I heard that first single from this record and was pretty turned off.  It was not very good.  Luckily, that’s the one clunker on this record.  It’s not that it’s even a terrible song; it just has a few too many parts that don’t work all that well together.  But for those looking for “Shall Be Judged” over and over again look elsewhere.  It’s been over 25 years, if these guys didn’t change somewhat in that time than I’d say they haven’t grown much as humans, which is kind of sad.  Yet what remains the same is the fact that Chaka has the energy of a teenager, Gavin Van Vleck continues to write some of the most forward-thinking hardcore/noise/inventive riffs around, and that new rhythm section is still as tight as anyone the group have had in their ranks in the past.  For those who truly pine for times past I’d say a good half of the record retains some of that faster, strangely melodic, and weirdly aggressive hardcore that the band is known for…  just recorded much better and bigger.  Two old songs have been re-recorded, but they feel really unnecessary since they both sound fine in their original forms.  And then you get a few songs that work in a new and different way, and a couple that don’t work all that well.  All in all, for a band that has, in a way, re-invented themselves two decades later (despite the handful of reunions over the years) they’re pulling it off pretty good I’d say.  Heck, the packaging on this sucker is worth the price alone.  If you end up not enjoying this you can just stare at it for hours with how ridiculously awesome it looks.  (Deathwish)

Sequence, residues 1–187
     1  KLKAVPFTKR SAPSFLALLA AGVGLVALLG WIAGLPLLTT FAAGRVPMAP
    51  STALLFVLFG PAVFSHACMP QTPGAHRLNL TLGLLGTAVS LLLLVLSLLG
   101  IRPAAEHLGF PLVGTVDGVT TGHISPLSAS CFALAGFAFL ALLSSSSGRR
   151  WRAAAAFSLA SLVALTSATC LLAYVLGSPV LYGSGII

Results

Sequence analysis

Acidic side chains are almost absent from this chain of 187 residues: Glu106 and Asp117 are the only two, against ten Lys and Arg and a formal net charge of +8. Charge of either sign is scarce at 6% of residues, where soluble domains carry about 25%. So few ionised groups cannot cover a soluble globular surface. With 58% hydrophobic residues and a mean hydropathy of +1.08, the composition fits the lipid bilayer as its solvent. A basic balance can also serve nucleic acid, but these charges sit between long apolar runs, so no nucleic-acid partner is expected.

CLOAKROOM, “Time Well”